Long-Tail Search Campaigns are More Important

    Almost as a sub-point to necessary swim lanes, agencies and dealers are going to have to get A LOT better at creating and optimizing effective long-tail campaigns. There won’t be nearly as much competition for these terms so cost will decrease and viability will increase. Furthermore, everyone is going to have to be more creative about the types of searches we are targeting, think parts & service. The challenge will be managing the number of campaigns against the budget.

    Paid Search for Conquest Just Got Challenging
    If you thought using paid search for conquest was difficult before, try it with one third of the ad space. This may turn out to be so cost prohibitive that it is not just a viable tactic anymore. Or, it may just be a challenge to find more creative avenues to generate conquest traffic.

    More Emphasis on Organic Rankings
    Two things are going to happen that will increase emphasis on organic traffic. One is cost, which we have aptly covered here, the second is less distraction. With only four ads taking attention away from the user, we believe the CTR on organic listings could increase. Don’t post the obituary yet, it appears that SEO is not dead after all.

    Bing Could Win Big
    Depending on how Bing reacts to Google’s changes, they could end up being the big winner here. We are already an advocate of the Bing Ad Network due to the lower costs and higher conversion rates, but Google may be forcing us to spend even more money on Bing.

    Impression Share as a KPI Could Change
    We use impression share as a way to measure the effectiveness of our campaigns. Because real estate is going to be reduced so drastically, we may need to re-evaluate what we consider to be an effective impression share.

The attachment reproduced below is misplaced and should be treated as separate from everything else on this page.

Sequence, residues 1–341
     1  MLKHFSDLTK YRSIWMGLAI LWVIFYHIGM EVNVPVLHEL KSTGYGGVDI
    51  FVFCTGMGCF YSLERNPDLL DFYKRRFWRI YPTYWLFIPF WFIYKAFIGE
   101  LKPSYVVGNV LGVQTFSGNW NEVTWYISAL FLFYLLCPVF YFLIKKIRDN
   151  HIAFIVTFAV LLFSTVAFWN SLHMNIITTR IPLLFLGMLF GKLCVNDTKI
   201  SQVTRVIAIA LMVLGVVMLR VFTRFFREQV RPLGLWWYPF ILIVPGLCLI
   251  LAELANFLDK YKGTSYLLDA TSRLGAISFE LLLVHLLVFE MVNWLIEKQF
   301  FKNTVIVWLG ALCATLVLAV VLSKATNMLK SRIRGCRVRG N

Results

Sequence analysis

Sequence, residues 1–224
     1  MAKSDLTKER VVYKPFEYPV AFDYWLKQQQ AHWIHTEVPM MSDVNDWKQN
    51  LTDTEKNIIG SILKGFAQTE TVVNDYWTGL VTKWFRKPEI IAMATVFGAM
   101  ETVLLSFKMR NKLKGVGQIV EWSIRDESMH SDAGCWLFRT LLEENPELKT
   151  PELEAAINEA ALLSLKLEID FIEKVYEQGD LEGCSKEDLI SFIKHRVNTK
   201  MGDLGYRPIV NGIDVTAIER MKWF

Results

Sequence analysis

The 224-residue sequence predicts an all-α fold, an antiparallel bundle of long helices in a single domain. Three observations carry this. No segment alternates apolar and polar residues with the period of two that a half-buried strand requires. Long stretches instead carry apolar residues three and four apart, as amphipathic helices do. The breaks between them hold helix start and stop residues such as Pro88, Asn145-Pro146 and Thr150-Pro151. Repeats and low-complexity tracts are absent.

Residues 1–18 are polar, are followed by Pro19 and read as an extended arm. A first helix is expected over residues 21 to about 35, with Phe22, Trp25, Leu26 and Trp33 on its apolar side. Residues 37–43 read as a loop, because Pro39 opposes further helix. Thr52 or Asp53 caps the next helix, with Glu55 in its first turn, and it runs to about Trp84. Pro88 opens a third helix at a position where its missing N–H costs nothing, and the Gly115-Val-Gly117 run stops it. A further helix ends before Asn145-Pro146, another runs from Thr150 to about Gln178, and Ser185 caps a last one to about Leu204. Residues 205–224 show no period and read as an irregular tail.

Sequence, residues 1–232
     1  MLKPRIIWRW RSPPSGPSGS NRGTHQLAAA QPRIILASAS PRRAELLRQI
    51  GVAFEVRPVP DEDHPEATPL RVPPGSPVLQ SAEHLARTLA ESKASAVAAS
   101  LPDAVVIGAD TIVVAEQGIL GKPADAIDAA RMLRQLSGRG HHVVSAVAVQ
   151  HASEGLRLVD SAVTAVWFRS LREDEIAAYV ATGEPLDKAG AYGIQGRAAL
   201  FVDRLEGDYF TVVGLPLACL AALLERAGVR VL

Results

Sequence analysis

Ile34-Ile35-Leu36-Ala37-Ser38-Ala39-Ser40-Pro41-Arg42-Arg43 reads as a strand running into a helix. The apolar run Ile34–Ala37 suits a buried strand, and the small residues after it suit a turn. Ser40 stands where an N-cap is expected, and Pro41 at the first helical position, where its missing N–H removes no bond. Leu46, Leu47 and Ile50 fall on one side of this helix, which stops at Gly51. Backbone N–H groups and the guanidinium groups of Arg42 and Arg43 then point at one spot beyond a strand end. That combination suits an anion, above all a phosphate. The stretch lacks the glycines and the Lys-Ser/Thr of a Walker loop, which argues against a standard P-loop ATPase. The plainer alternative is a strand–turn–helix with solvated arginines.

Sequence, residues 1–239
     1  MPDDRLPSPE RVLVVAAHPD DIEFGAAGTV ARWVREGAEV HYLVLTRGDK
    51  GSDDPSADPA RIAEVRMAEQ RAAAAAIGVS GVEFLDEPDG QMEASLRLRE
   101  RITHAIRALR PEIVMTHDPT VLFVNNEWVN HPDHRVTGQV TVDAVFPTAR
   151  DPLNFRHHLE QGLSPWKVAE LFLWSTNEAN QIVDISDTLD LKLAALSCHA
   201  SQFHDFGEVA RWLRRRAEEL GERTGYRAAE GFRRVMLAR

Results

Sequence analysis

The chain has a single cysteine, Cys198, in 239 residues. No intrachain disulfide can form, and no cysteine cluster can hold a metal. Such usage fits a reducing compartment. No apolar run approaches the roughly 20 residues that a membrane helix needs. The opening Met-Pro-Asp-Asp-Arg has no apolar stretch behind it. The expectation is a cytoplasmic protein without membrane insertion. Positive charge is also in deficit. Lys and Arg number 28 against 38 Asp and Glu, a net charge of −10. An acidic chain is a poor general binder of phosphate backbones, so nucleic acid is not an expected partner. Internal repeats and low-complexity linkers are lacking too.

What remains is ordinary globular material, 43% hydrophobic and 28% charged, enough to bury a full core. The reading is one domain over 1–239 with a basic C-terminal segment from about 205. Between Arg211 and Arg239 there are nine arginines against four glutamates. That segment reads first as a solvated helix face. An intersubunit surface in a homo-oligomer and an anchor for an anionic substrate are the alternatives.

Google Search Partners
    As of late, we are using less and less of the Google Search Partners Network. The metrics don’t justify their inclusion. With this reduction in ad space, however, we will have to test changes to ad engagement and costs to see if they are now a more viable option.

    Source: http://strongautomotive.com/adwords-update-reduces-ad-space
     
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  5. Alexander Lau

    Alexander Lau
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    Yes
     
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  6. trappstick

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    In all of my years I've never found the search partners to offer any value whatsoever. 10 years ago it was companies like Oingo pushing domain traffic at full-CPC prices, and with the inclusion of mobile the value is further diluted. Clearly this doesn't apply to GDN, only search. A lot can be done with GDN partners, I just wouldn't say paying full pop for partner "search" traffic has ever been valuable, at least in the lead gen industry I was a part of.